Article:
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Title: Physical and mathematical modelling of the synovial joint and cartilage repair products
Author: Herbert, Anthony G.
Awarding Body: University of Strathclyde
Current Institution: University of Strathclyde
Date of Award: 2013
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There is a growing incidence of younger patients contracting joint disease. Osteochondral Autograft Transfer (OAT) remains a widely adopted surgical technique to treat the presence of osteochondral lesions in the knee. In this procedure, grafts of cartilage and bone are harvested from a non-load bearing site and used to replace the damaged tissue, predominately at a load bearing location. However, it is not well understood if a mismatch exists between the mechanical properties of the graft tissues and those of the local environment in which they are placed. To investigate this, a number of the key mechanical properties of cartilage and bone are determined in tibiofemoral and patellorfemoral locations, using a porcine model analogue. These include the strength of the bone but also the aggregate modulus, Poisson‟s ratio and frictional properties of the cartilage. It was discovered significant variations do exist between the sites of interest for many of these parameters and, should this translate to human models, may have implications for the integration and survival of osteochondral grafts. However, some evidence of relative immaturity in the porcine model was found, which may have had an influence on the results. Possible alternatives to OAT include tissue engineering, which has gained substantial momentum in clinical settings, and the use of allograft tissues. However, the health and viability of these osteochondral repair products is highly dependent on the environment in which they are developed (tissue engineered tissues) or stored (allograft tissues). The preliminary design and development stages of a novel bioreactor/joint simulator capable of producing physiologically relevant mechanical stimulus are discussed. It is hoped that this device can eventually be employed to grow site-specific osteochondral tissues or store osteochondral allografts in a mechanically beneficial environment.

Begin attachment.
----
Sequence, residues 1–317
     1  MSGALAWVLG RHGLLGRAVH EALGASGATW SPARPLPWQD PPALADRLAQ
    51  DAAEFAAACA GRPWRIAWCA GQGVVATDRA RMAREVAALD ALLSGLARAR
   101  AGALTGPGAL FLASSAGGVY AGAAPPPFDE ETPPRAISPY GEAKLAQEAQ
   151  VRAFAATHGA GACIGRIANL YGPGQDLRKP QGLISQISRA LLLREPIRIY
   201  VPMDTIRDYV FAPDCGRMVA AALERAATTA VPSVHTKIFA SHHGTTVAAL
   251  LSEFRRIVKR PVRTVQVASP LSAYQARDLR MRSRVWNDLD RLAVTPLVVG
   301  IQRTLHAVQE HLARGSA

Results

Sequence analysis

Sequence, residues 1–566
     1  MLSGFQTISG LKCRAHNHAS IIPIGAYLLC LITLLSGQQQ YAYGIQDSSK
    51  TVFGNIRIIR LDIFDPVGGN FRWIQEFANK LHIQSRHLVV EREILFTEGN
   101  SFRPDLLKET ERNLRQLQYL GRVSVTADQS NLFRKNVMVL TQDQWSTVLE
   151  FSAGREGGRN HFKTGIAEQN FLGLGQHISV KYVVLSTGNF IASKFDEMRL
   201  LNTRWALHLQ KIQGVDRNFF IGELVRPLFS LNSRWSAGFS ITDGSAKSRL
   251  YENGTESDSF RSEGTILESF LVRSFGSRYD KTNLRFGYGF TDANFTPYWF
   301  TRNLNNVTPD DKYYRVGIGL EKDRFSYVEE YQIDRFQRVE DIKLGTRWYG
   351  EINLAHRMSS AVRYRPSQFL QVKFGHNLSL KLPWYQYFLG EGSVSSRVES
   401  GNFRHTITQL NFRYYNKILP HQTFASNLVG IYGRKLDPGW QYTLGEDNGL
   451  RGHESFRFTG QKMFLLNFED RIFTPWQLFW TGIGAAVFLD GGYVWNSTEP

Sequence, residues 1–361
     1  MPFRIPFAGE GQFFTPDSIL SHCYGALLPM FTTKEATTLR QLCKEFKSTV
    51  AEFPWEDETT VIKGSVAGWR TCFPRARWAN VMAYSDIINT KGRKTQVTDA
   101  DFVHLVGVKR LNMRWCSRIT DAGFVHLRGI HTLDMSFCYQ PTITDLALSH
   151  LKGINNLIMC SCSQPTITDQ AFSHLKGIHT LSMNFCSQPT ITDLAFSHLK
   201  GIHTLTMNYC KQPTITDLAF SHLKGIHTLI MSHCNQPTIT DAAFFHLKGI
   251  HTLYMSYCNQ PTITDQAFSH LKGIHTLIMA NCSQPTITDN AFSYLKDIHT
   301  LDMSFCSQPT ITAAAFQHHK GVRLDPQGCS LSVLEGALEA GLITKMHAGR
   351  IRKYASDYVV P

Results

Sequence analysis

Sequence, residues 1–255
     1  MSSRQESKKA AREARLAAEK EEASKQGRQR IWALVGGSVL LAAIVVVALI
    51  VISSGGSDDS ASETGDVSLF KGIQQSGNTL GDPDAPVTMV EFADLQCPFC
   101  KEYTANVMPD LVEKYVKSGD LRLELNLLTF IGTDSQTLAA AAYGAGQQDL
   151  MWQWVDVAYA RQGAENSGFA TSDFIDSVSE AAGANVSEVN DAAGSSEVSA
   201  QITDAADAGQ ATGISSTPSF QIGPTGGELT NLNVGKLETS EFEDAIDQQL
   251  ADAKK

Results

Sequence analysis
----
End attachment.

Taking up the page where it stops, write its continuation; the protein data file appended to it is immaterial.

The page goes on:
Supervisor: Black, Richard A. Sponsor: Not available
Qualification Name: Thesis (Eng.D.) Qualification Level: Doctoral